Money, party support lead to wins in Wisconsin’s nonpartisan races

    Jill Underly
    Jill Underly (via Facebook)

    In several races on the ballot on Tuesday, the support of the state’s political parties and the money that comes with it helped boost nonpartisan candidates into office. Neither major party focused on the same races, allowing each to cruise to wins in their own lanes. 

    In the only statewide race on the ballot, for state superintendent of schools, Democrats poured money and institutional support into their preferred candidate, Pecatonica Schools Superintendent Jill Underly. Republicans, meanwhile, focused money and institutional support on the two contested races for seats on the state’s courts of appeals — continuing a national trend of Republicans asserting influence over the ideological makeup of the judicial system. 

    Underly rode her massive fundraising advantage, built with the help of the Democratic Party of Wisconsin’s (DPW) organizing apparatus, to a double-digit win over Republican-backed Deborah Kerr, who did not attract the same level of partisan support. 

    Underly raised more than $1 million with large donations from DPW and the state’s teachers unions. Kerr wasn’t financially supported by the Republican Party of Wisconsin and raised less than $100,000. Outside groups poured a record-breaking $1 million into the race, disproportionately on Underly’s side. The American Federation for Children, a national pro-school-voucher group founded by President Donald Trump’s former Secretary of Education Betsy DeVos, spent $209,000 to help Kerr with an online ad buy attacking Underly. 

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    This year’s superintendent race smashed previous fundraising records. 

    In the two appellate court districts, the candidate with the financial support of the state’s conservative billionaires and the endorsement of prominent Republican officials was able to run away with the race.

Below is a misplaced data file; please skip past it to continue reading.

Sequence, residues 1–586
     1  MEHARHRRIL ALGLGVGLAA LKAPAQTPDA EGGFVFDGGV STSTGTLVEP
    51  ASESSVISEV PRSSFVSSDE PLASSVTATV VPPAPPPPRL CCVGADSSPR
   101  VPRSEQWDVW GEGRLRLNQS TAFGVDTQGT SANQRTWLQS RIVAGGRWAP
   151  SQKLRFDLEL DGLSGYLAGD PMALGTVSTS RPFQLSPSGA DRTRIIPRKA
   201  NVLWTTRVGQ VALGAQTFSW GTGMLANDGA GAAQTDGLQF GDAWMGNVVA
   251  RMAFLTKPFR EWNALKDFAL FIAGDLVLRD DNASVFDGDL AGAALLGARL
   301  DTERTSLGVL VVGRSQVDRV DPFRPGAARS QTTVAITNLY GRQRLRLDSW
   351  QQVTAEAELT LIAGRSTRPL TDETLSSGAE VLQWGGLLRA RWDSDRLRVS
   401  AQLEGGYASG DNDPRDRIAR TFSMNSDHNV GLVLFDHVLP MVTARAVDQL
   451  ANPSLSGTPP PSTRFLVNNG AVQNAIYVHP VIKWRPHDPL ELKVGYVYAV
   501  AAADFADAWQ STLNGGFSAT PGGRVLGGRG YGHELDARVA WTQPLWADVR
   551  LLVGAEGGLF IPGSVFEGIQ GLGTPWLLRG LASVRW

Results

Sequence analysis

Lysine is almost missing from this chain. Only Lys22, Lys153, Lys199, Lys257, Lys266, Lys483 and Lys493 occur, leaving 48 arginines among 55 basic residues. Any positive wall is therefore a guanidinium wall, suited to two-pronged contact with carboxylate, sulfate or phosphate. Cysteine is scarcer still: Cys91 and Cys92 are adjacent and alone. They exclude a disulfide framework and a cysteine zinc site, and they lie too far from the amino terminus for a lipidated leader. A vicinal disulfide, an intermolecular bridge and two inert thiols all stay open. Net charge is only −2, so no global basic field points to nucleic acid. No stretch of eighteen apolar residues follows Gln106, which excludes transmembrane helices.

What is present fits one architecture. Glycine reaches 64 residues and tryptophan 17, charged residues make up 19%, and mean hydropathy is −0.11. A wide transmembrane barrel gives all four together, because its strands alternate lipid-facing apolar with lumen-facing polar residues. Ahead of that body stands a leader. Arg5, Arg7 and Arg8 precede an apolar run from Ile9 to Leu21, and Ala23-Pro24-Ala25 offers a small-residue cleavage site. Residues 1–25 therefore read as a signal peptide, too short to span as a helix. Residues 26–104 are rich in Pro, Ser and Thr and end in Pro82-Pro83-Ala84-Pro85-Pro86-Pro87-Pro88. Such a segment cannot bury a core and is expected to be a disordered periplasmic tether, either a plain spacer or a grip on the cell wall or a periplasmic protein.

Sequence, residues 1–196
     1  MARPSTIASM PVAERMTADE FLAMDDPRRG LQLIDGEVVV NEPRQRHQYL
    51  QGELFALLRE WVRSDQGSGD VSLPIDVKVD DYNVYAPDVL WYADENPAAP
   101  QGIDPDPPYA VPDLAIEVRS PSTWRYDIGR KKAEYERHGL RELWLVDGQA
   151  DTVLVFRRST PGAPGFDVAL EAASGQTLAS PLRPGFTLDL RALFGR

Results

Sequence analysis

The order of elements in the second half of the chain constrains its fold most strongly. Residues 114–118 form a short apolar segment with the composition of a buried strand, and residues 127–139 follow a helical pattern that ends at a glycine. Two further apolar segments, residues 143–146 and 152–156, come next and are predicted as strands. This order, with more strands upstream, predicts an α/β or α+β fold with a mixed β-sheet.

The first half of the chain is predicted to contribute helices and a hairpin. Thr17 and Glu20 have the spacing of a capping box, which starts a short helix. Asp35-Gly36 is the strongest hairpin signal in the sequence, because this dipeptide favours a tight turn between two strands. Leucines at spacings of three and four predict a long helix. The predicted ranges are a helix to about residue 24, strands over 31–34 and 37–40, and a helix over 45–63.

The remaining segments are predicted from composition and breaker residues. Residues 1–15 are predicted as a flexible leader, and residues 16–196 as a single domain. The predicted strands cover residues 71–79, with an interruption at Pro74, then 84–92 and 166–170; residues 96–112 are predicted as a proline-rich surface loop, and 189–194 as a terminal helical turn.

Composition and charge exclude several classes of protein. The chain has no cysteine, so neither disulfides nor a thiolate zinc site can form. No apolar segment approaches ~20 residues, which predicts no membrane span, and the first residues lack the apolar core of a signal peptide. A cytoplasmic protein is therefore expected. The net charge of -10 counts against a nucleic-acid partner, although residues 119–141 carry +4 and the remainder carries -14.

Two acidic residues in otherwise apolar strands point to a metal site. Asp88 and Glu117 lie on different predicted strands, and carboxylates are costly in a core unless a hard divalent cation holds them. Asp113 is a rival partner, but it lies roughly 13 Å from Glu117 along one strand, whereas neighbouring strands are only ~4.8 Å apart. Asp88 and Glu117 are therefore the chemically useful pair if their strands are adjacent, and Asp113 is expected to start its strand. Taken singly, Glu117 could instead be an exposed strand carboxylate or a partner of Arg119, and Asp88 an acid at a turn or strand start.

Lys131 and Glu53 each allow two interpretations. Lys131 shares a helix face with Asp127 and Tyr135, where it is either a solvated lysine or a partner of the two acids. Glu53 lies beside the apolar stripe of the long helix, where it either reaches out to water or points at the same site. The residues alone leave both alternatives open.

Shelley Grogan, a law clerk for state Supreme Court Justice Rebecca Bradley, won in the 2nd District, covering most of southeastern Wisconsin. Grogan defeated incumbent Judge Jeff Davis after painting him as a liberal who was appointed by Gov. Tony Evers. Those attacks left out that Grogan herself had applied to Evers’ office for the job when it was vacated by Supreme Court Justice Brian Hagedorn. 

    Grogan was endorsed by Bradley, former Supreme Court Justice Daniel Kelly, U.S. Sen. Ron Johnson and former Gov. Scott Walker. She also built a fundraising advantage over Davis after contributions from major Republican donors including Diane Hendricks, Richard Uihlein and John Menard. 

    Davis, who was endorsed by Supreme Court Chief Justice Patience Roggensack, was able to keep pace in the money race by pitching in his own cash but ended up losing by double digits to Grogan.

    In the 3rd District, covering most of northern Wisconsin, Outagamie County Circuit Court Judge Greg Gill rode a 5-1 fundraising advantage to a win over Wausau defense attorney Rick Cveykus. 

    Gill also received donations from big Republican donors Uihlein and Menard as well as the support of 25 county Republican parties, former Lt. Gov. Rebecca Kleefisch and Rep. Mike Gallagher (R-Green Bay).

    Henry Redman
    Henry Redman is a staff reporter for the Wisconsin Examiner who focuses on covering Wisconsin's towns and rural areas. He previously covered crime and courts at the Daily Jefferson County Union. A lifelong Midwesterner, he was born in Cleveland, Ohio and graduated from Loyola University Chicago with a degree in journalism in May 2019.